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Backstage Pass to North Dakota History

This blog takes you behind the scenes of the State Historical Society of North Dakota. Get a glimpse at a day-in-the-life of the staff, volunteers, and partners who make it all possible. Discover what it takes to preserve North Dakota’s natural and cultural history. We encourage dialogue, questions, and comments!

Sarah Walker's blog

Chronicling America Website is Superhero of Online Newspaper Searches

Chronicling America home page

Chronicling America homepage

Chronicling America is an incredible online newspaper resource available for the public through the Library of Congress. Imagine this: there is a free-to-use database where you can search big city and little town newspapers within the United States. You go to the database, select a year range (1922 and earlier only at this point), select a location, type in a key word—and get results that can be viewed, enlarged, reduced, printed, and saved.

Curious about World War I? Here are some headlines. Searching for info about prison breaks, weather, government officials? Just type in your criteria and search—Chronicling America is OCR/word-searchable, which is so great! Our State Archives newspapers on microfilm are not indexed, so typically, if you want to find some information about your family, you have to search day by day, looking at each page. Not so with Chronicling America. You can just type in a name, and see what results come up!

Since 2011, we have received four grants from the National Endowment for the Humanities allowing us to add over 400,000 pages of newspapers to the site. Since not all newspapers can be included, we have selected papers from all over the state containing a lot of local news coverage. This includes papers such as the Ward County Independent, a weekly newspaper; the Bismarck Tribune, a daily; and newspapers from Grand Forks, Devils Lake, Steele, Williston, and other areas.

Chronicling America digitized newspapers

Some of the ND newspapers available on Chronicling America

One caveat to keep in mind; not all news was published in the newspaper. Chronicling America, or newspapers in general, are not a catch-all. Using this site can be a great, easy way to start a search, though, and can sometimes bring up results you might not expect to see.

For example: I received a search request about three years ago from a woman who was looking for a relative who had passed away in, she said, about December of 1902. We looked in multiple papers without any luck. A search of our link to the Vital Records death index did not show the individual dying within a ten-year span—not uncommon, especially around 1900 and through even the 1920s. There were a lot of errors and delays in reporting deaths in those early years. So I had to reply that we were unable to find anything.

Chronicling America Bismarck Tribune

Info about one of the papers available, the Bismarck Daily Tribune, on Chronicling America

Usually, that would be the end of it. However, I kept her request, and just recently, I came across it again. Just for fun, just to double check, I typed the name into Chronicling America, hoping I might find the relative’s name in a gossip column, visiting the city.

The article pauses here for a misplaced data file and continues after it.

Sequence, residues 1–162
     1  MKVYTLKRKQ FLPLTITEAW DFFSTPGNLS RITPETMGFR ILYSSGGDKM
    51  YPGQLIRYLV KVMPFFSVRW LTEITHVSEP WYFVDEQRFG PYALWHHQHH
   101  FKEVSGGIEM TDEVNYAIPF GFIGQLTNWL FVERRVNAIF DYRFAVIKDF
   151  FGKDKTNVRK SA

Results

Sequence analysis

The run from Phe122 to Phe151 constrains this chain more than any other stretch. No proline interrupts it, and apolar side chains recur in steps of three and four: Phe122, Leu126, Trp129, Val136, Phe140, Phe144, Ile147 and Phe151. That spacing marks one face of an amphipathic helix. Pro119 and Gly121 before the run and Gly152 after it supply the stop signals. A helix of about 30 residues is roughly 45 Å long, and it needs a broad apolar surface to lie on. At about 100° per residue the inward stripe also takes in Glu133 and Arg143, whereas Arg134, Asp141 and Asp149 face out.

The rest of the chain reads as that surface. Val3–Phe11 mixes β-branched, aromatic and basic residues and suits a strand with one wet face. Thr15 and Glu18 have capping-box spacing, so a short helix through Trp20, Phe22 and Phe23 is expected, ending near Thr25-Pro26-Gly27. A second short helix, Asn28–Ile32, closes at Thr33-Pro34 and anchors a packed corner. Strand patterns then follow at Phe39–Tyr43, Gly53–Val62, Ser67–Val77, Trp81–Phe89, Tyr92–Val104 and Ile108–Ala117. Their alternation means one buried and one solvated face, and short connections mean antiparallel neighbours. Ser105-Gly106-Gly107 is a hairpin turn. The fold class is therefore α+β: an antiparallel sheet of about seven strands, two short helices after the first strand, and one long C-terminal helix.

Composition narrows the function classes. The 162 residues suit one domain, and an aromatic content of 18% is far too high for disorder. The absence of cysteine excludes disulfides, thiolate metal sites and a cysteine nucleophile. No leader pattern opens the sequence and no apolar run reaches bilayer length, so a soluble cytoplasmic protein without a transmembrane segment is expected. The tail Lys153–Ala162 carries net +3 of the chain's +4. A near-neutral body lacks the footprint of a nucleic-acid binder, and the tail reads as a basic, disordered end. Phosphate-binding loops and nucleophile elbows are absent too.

Instead, I found a death notice—a year later than the information she had provided!

It turned out, the gentleman in question had died in 1903, not 1902, and passed away in a different city. I was able to respond back, three years later, with an actual obituary. It always is disappointing to us if we can’t provide any information for these requests, so believe me when I say I was very excited to write to her again—possibly as excited as she was to receive the information!

As amazing as this all is, however, it is not possible at this time to put all of our newspapers online. This is something we are asked about frequently, and I do want to clarify that we are not planning to digitize our entire newspaper collection. The amount of time, space, and funding necessary for a venture like this is staggering. We are the official repository for newspapers from across the state, which means that newspaper titles from each of the 53 counties in the state are supposed to be sent to us on a daily or weekly basis. Considering that there is more than one newspaper for some counties, as well as the fact that we keep papers from the past—well, this adds up. Our rolls of microfilm number more than 17,500 already, and the majority of these rolls are microfilmed newspapers. One roll can hold about two years of weekly newspapers and about one month of daily newspapers.

Chronicling America Ward County Independent

A view of the front page of one ND newspaper, the Ward County Independent, from November 4, 1915, p1 on Chronicling America

I asked one of our staff about the more technical details for this. (If technical isn’t your jam, skip to the next paragraph!) If we were to scan each of our newspaper pages at 300 dpi jpg, which is an average and sometimes even larger image than you might get from a camera phone, we would need around 3.5 Petabytes, with no end in sight to more needed storage. Do you know what a petabyte is? It is approximately 1024 terabytes, or a million gigabytes of storage. That is incredibly huge. And that isn’t even providing for a high resolution image. That image would likely not be able to be enlarged or used in a display; it would be too small. That is also without making these newspapers OCR/word searchable, by the way.

So for now, I would encourage everyone to check out the incredible and amazing superhero of newspaper websites—Chronicling America can be a lifesaver in the world of newspaper searches.